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Washington Post makes changes to tech team

March 28, 2023

Posted by Chris Roush

Washington Post business editor Lori Montgomery made the following announcement on Tuesday:

We are pleased to announce a new editing structure on the Business desk aimed at elevating the work of our growing technology team, a critical pillar of Washington Post journalism. This new structure will create clearer lanes of authority on the tech team, while focusing fresh attention on our superb personal finance coverage.

Christina Passariello

Christina Passariello will become deputy business editor for technology and personal finance, working alongside Deputy Business Editor Damian Paletta, who will retain responsibility for economics, health coverage and breaking news. In her new role, Christina will continue to oversee the technology team, helping to set strategy, guide coverage and advance our most ambitious projects. She also will take on the personal finance portfolio, drawing on her experience launching Help Desk, our signature personal tech vertical, to expand and elevate the team we’re building around our award-winning personal finance columnist, Michelle Singletary. In addition, Christina will lead an internal company task force focused on how the AI revolution will affect The Post’s journalism and its digital strategy, particularly search. In this initiative, which is separate from our news coverage of AI, she will work closely with Sally.

Christina has led The Post’s technology team for five years, overseeing a period of rapid growth and accomplishment. Among other achievements, she edited “Secret Life of Your Data,” a series by columnist Geoff Fowler that won a 2020 Loeb Award for commentary. She also edited a groundbreaking 2022 story by reporter Nitasha Tiku about a Google engineer who thought the company’s chatbot had come to life. And she conceived our unique approach to personal tech coverage, casting Help Desk as an initiative that would empower tech users instead of promoting the latest gadget. Before The Post, Christina spent 14 years at the Wall Street Journal, where she was deputy tech editor and a foreign correspondent in Paris, among other roles. A graduate of the University of California at Berkeley and a John S. Knight fellow at Stanford, she is based in San Francisco.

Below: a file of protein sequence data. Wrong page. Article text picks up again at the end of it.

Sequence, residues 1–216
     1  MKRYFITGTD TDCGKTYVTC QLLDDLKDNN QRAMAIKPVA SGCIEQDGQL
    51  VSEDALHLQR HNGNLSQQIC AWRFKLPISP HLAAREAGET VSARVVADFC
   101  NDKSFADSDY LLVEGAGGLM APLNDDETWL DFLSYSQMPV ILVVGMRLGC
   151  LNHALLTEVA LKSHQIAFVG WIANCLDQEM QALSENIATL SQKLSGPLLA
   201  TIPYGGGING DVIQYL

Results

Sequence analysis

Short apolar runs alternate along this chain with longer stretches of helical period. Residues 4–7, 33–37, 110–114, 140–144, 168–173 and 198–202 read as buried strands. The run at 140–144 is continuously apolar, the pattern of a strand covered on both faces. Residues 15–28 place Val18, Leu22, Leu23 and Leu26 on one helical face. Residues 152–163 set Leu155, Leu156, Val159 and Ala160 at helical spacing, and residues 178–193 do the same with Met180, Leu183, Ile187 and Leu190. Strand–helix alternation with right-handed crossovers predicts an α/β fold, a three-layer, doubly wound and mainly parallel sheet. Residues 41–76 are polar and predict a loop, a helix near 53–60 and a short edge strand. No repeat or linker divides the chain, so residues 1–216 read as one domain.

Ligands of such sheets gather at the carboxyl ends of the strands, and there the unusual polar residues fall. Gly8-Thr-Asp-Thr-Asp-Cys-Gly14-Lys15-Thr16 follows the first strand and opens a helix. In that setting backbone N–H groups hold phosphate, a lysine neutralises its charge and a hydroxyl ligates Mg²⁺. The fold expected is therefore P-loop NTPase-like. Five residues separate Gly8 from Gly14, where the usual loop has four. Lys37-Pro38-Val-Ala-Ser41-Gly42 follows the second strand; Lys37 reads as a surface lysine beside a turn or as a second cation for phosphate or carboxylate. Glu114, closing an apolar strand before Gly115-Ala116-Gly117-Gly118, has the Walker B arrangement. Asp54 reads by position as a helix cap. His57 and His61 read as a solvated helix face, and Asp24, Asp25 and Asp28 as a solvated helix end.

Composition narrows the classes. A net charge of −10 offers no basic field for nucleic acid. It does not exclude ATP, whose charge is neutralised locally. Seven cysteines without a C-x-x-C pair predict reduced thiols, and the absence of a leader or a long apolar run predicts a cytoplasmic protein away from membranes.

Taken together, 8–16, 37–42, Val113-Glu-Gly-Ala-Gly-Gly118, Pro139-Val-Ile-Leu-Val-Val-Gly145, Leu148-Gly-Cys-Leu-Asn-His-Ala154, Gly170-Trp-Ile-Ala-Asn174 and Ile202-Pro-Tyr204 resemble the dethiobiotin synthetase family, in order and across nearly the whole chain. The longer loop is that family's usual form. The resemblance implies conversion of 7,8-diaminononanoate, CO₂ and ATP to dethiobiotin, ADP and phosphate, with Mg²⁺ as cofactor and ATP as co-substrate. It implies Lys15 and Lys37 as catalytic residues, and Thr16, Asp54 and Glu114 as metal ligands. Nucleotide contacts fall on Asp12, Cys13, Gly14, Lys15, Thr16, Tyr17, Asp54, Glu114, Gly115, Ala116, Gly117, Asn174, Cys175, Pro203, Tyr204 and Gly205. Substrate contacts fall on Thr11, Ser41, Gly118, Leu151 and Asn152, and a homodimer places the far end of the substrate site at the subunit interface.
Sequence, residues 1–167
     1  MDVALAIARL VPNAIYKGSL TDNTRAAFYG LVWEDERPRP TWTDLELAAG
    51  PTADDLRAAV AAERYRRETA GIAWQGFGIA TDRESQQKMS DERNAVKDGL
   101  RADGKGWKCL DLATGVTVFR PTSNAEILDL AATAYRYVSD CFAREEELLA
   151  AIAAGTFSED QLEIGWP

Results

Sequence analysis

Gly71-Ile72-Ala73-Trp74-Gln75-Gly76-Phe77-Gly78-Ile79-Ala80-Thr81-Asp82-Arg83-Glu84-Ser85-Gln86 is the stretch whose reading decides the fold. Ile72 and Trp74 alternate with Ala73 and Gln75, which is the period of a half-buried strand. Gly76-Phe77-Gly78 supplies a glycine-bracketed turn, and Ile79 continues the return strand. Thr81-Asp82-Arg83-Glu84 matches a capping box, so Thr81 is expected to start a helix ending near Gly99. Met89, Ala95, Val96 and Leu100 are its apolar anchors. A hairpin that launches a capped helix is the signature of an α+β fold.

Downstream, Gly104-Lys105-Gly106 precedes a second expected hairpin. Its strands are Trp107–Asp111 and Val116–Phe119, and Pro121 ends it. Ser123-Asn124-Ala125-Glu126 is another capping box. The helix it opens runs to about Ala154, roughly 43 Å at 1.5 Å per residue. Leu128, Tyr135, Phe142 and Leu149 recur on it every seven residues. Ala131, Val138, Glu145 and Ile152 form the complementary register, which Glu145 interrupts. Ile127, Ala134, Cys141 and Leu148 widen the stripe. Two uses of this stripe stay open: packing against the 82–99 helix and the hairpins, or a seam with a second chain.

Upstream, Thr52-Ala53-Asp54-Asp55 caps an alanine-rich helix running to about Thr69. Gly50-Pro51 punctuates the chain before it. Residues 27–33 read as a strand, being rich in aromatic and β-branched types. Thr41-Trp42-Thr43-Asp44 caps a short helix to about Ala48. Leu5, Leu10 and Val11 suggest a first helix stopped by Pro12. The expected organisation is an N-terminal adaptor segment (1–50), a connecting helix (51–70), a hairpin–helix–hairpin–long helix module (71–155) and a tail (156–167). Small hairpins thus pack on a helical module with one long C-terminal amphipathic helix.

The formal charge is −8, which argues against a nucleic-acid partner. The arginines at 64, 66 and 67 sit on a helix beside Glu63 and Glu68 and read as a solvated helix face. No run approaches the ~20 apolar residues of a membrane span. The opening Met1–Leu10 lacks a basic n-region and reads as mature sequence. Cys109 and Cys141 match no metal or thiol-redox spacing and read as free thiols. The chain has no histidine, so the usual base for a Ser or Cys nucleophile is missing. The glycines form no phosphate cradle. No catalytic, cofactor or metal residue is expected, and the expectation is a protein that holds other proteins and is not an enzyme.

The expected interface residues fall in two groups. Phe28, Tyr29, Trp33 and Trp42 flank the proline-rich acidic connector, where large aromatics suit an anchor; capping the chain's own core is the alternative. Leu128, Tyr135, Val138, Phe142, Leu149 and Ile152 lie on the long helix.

Several of the tech editors, who will continue to report to Christina, also will assume new roles.

In San Francisco:

WASHINGTON, DC – MAY 08: Laura Stevens is deputy technology editor for The Washington Post. She is photographed in Washington, DC on May 08, 2019. (Marvin Joseph/The Washington Post)

Laura Stevens will become technology industry editor, driving news coverage across the tech team, which encompasses nearly half the Business staff and has outposts in Washington, New York, Florida and Texas. In this role, Laura will shape our daily report, pushing to set the news agenda on our most important lines of coverage, from the rise of artificial intelligence to the increasingly grim economic times in Silicon Valley, while looking for opportunities to illuminate other important developments, such as the recent collapse of Silicon Valley Bank. Laura will continue to lead a team of reporters trained on delivering scoops and enterprise on the evolution of the tech giants – including Apple, Amazon and Google – as well as the drama at Tesla, Twitter and other firms owned by Elon Musk, with a sharp focus on stories that reveal how Big Tech influences society and our lives.